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Grizzly bears, black bears, wolves, coyotes, cougars/ mountain lions,bobcats, wolverines, lynx, foxes, fishers and martens are the suite of carnivores that originally inhabited North America after the Pleistocene extinctions. This site invites research, commentary, point/counterpoint on that suite of native animals (predator and prey) that inhabited The Americas circa 1500-at the initial point of European exploration and subsequent colonization. Landscape ecology, journal accounts of explorers and frontiersmen, genetic evaluations of museum animals, peer reviewed 20th and 21st century research on various aspects of our "Wild America" as well as subjective commentary from expert and layman alike. All of the above being revealed and discussed with the underlying goal of one day seeing our Continent rewilded.....Where big enough swaths of open space exist with connective corridors to other large forest, meadow, mountain, valley, prairie, desert and chaparral wildlands.....Thereby enabling all of our historic fauna, including man, to live in a sustainable and healthy environment. - Blogger Rick

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Sunday, May 5, 2013

The USFW Service has(in my opinion) already decided that the Northern Continental Divide Grizzly Population(including Yellowstone) will get delisted off of the Endangered Species List come 2014...............The history of the USFW Service is when they get to the point of asking for "PUBLIC COMMENTS", they are being disengenuous and privately have reached their decisions about whatever issue is at hand................The report card on how the Rocky Mtn States have handled Federal delisting of Wolves is abysmal, and gives me great pause and concern as to how the states will institute "killing seasons" on the Griz once delisting becomes formalized..................State Game Commissions take to heart the latin name of the Griz---Ursus arctos horribilis- with their management plans for this iconic bruin likely to revolve around their perception of it being "horribilis"(horrible)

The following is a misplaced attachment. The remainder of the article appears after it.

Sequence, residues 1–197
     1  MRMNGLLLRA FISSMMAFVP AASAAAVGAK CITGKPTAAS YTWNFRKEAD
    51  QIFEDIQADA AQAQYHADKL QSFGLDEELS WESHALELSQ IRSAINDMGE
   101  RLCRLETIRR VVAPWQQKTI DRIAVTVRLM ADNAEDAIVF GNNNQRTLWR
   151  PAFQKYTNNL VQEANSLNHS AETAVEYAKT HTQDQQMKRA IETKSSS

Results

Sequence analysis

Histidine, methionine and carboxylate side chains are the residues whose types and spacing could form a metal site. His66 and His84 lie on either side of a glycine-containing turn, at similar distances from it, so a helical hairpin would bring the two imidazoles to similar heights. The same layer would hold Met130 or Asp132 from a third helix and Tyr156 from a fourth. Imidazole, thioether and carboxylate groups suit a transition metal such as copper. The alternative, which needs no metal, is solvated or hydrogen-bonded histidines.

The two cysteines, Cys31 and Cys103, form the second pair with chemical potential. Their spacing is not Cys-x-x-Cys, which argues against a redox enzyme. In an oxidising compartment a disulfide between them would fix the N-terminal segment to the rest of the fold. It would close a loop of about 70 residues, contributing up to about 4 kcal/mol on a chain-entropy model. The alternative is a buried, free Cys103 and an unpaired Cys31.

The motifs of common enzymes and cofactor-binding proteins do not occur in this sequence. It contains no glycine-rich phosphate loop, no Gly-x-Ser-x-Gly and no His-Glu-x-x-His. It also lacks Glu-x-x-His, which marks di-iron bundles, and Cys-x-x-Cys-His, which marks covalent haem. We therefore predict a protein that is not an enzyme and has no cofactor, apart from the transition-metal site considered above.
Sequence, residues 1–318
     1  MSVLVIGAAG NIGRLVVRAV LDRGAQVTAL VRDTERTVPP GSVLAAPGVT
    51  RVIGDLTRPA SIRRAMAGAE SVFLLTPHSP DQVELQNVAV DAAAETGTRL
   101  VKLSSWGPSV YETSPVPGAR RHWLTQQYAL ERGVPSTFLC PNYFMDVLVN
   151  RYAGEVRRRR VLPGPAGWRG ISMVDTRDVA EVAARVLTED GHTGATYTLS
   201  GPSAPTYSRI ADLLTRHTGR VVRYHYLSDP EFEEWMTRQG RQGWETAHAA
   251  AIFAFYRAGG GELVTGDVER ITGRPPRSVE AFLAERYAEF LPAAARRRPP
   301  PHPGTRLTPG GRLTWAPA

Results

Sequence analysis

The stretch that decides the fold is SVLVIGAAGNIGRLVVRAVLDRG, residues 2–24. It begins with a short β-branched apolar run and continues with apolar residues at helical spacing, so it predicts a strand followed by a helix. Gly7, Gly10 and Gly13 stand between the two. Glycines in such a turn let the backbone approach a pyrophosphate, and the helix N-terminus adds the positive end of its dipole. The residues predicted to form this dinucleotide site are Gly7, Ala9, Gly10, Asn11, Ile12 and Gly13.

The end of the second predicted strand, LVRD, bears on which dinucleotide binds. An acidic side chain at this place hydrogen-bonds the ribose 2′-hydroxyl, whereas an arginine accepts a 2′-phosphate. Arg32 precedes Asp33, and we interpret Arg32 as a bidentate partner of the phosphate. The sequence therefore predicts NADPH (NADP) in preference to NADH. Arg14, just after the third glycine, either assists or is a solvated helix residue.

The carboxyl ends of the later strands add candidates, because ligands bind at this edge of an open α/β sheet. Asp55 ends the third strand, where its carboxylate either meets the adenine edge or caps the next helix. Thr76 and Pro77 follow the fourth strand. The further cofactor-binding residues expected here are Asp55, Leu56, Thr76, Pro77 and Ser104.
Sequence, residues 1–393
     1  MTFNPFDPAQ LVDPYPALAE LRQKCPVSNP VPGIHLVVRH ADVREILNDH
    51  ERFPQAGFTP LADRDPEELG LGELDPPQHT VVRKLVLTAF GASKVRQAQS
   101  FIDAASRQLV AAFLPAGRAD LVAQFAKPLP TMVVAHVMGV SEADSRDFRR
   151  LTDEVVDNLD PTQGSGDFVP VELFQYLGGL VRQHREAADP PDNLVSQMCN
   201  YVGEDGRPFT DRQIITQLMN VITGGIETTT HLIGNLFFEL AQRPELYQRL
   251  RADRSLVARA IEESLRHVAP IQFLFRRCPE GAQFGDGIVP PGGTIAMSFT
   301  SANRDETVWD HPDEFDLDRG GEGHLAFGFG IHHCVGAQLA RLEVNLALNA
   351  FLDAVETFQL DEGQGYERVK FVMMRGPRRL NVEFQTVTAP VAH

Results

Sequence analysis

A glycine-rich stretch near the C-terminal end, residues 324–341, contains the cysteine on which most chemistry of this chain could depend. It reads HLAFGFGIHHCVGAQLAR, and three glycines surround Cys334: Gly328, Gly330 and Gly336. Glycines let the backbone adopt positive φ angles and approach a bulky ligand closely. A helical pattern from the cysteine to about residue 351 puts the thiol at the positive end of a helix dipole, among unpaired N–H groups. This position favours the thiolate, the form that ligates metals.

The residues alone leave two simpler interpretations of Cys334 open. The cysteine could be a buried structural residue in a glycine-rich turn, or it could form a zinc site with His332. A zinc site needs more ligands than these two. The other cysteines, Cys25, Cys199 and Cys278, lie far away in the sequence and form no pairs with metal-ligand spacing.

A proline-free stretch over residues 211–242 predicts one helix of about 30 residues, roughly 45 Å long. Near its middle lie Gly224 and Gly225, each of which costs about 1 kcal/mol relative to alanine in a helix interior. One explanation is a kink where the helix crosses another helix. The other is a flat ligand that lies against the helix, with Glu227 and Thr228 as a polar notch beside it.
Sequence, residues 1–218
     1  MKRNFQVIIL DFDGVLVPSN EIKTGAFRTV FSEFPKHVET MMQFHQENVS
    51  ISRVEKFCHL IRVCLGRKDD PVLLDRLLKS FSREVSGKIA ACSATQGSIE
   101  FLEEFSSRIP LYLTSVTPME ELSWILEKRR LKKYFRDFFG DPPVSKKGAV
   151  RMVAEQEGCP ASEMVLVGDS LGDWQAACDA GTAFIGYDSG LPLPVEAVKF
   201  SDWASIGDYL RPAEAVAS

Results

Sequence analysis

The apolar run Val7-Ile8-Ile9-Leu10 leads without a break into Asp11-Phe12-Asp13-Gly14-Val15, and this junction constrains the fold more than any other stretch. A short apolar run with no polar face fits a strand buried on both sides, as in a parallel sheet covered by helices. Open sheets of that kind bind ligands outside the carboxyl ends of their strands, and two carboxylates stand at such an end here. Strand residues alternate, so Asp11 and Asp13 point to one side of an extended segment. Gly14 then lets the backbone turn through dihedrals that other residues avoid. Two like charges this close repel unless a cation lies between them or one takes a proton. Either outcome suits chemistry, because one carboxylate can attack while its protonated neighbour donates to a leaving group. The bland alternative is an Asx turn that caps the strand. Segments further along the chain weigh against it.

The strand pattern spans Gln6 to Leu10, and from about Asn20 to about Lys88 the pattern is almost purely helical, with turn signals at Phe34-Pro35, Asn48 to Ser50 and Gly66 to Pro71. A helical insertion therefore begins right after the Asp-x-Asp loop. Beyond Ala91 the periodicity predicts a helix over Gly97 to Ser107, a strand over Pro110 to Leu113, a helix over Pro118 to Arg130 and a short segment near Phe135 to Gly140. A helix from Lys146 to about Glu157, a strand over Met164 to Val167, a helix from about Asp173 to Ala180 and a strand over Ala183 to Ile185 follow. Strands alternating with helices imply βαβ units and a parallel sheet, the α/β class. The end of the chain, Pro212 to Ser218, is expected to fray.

Chris Servheen 406.243.4903;
Leith Edgar 303.236.4588;

Grizzly bear with cubs Photo: USFWS

Since listing in 1975, the NCDE grizzly
 population has increased in numbers and
 distribution thanks to the protections of the
 Endangered Species Act and our many state,
 federal, and tribal partners who have
 implemented recovery actions, coordinated
 efforts, and improved habitat management.

“We developed this strategy because maintenance
of a healthy, recovered grizzly population depends
on the effective continuation of many partnerships
 to manage and conserve the Northern Continental
 Divide Ecosystem
 grizzly bear population and its habitat,” said Noreen
 Walsh, Mountain-Prairie regional
 director. “By involving the public, we aim to arrive
 at a scientifically-based strategy that
 not only ensures the persistence of grizzlies in the
 Northern Continental Divide Ecosystem,
 but also works for the people living in the places
 that grizzlies call home.”

Biologists are seeking public review and input on
the draft strategy, which describes
the regulatory framework for management and
monitoring of the NCDE grizzly bear
population and its habitat upon delisting, i.e.,
recovery and removal from the Endangered
Species Act’s (ESA) Federal List of Endangered
and Threatened Wildlife.

The key to public support and successful
 management of grizzly bears is to balance
multiple land uses, public safety, and careful
consideration of grizzly bear needs. 
Human-caused mortality is the limiting factor
 for nearly all grizzly bear populations
in the world and this Conservation Strategy
aims to manage mortality at sustainable
levels through habitat protections that minimize
mortality risk while emphasizing conflict
prevention, conflict response, and decisions
grounded in scientific data and monitoring. 
The conservation strategy demonstrates the
adequacy of regulatory mechanisms that
will remain in place post-delisting to assure
 the health of the NCDE population.

It describes the management and monitoring

direction to maintain a recovered grizzly
 bear population in the NCDE and documents
 the commitment of the following signatory
agencies through a Memorandum of
Understanding:  Montana Fish Wildlife and Parks,
 the Montana Department of Natural Resources
 and Conservation, the Blackfeet Nation,
 the Confederated Salish and Kootenai Tribes,
 the U.S. Forest Service, the National Park
Service, the U.S. Geological Survey, the Bureau
of Land Management, and the U.S. Fish
and Wildlife Service. Implementation of the
strategy will allow the signatories to continue
managing NCDE grizzlies and their habitat
 according to the agreements reached during
the interagency process of developing the

Instructions on how to comment on the draft
 strategy are available on the following

The mission of the U.S. Fish and Wildlife
 Service is working with others to conserve,
protect, and enhance fish, wildlife, plants,
and their habitats for the continuing benefit
 of the American people. We are both a leader
 and trusted partner in fish and wildlife
conservation, known for our scientific
excellence, stewardship of lands and natural
resources, dedicated professionals, and
commitment to public service.

 For more
 information on our work and the people
who make it happen
, visit
 Connect with our Facebook
 page at
MountainPrairie, follow our
tweets at,
watch our YouTube Channel
 at and
 download photos from our
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